I laughed and wondered if the songs of the humpback whales on Earth were simply experiences of gastric distress but, of course, I knew that they were not.

As we proceeded, we came to our last stop on the upward side of the spiral before beginning our descent on the other side. Here at the top, the aquarium was open and we could see clumps of circular pads, each pad being 5 or 6 feet in diameter, floating across the surface. They had a muted bluish-gray color with tinges of green, black, and yellow.

“This is Malach, Zettel informed me. “It is an algal form which is remarkably similar in several respects to your marine alga Acetabularia. Unlike it, however, Malach has no stalk, but each pad is a single cell just like your Earth form. Its metabolism is extraordinary and each pad produces a compound which is very rare on Bromonia, silicon dioxide–sand. You see, in many respects, our worlds are startlingly different. You have vast quantities of sand which we need in order to advance our technologies; whereas we are dependent upon these algae for our rather meager supply. If in the end, we come to an agreement to share our technologies with your planet, you can be sure that there will be many mutual benefits, including economic ones for you since we would buy great quantities of your sand.”

Now it was my turn to chuckle. “It’s mildly ironic that your culture’s extraordinary technological achievements depend upon something which is so common on our world as to be regarded as nearly worthless.”

“Yes. There are other planets with great quantities, but you are the closest and you have the very nice, high quality white sand that your tourists like so much. You might have to sacrifice a few resorts, but if you don’t solve your global climate shift problems, you’ll lose those resorts anyway. Come, let us start down the other side. There are two kinds of creatures which I think you will find especially interesting.”

As we went downward, I thought about how much depended on this visit to Bromonia. Zettel had paused and I looked into the aquarium. It was a whirl of foam completely obscuring whatever was producing it; then abruptly it stopped and here is what emerged.

The single jet-black eye had the same “dead” quality of those of sharks and there was something ominous about the “set” of the jaw. The central “wheel” Zettel explained to me, was what had created all the foam. It rotated so rapidly that it created a small whirlpool which brought prey into its sizeable jaws.

The Consul turned to me and said, “This Egelasc–that is its genus–can devour twice its body weight in one of your Earth days.” I shuddered. I never liked sharks much to begin with. I found them highly interesting, but ultimately frightening and repellent. I had dissected a number of different species with fascination, and perhaps a touch of perverse delight.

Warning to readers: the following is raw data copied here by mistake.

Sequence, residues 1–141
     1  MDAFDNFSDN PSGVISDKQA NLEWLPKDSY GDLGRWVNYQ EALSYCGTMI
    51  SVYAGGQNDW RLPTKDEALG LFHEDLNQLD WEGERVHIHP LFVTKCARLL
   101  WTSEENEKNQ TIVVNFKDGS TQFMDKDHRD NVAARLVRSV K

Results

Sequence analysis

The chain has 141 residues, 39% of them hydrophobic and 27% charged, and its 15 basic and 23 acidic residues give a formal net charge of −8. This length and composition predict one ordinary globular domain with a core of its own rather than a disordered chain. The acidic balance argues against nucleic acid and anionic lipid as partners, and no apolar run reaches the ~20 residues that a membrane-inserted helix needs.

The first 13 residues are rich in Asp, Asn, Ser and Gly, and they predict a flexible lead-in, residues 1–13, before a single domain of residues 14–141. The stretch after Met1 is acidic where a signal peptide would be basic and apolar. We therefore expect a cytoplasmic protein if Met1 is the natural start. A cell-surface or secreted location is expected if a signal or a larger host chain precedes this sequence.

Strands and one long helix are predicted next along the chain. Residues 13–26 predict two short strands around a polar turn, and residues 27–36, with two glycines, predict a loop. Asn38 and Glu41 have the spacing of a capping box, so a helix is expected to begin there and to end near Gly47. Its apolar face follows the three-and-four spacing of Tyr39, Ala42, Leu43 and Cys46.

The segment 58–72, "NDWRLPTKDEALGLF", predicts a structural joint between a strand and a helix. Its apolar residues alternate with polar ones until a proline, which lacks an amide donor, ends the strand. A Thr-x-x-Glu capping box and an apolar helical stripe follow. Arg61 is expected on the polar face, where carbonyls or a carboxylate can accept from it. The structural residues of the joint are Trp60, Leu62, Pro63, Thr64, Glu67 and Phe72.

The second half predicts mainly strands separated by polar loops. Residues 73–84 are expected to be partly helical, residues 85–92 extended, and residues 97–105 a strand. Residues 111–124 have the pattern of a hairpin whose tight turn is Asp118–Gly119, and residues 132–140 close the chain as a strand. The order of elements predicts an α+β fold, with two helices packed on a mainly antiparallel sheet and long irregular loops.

As we continued and approached the bottom of the ramp, we encountered an area which bore some resemblance to our coral reefs.

As you can see, it looks like a fine orange net with multi-colored tongues of flame emanating from it.

“That,” said Zettel “is Rangonbesol and is one of the most dangerous creatures in our oceans. It can grow very tall and spread over vast areas unless contained. Those flame-tongues, as you think of them, are highly extensile and they reach out and touch passing prey. The slightest contact is instantaneously lethal. Thus far in our oceans, we have found only two creatures that are immune to the Rangonbesol’s attacks which consist of a combination of deadly toxins and powerful electrical shock pulses. Fortunately, these two creatures are not only immune, but find the Rangonbesol a tasty meal. It is those two creatures which we employ to keep the Rangonbesol from taking over and destroying our oceans. Well, enough of the aquatic life for the time being. Let’s wander on to some other areas and give you a look at some terrestrial (actually Bromonial) beasts along with some from alien worlds.”

I began to walk again, but Zettel paused. “Ah, forgive me. I am being thoughtless regarding your needs. You must be getting hungry. I require nourishment only once every two days. There is a restaurant just ahead. We’ll find you a private room and you can order a very satisfying luncheon. We’ll continue our tour after your lunch. I’ll rejoin you in an hour.”

With that he left and I did indeed enjoy a fine lunch.

All comments to the author Richard Howey are welcomed.

Editor's note: Visit Richard Howey's new website at http://rhowey.googlepages.com/home where he plans to share aspects of his wide interests.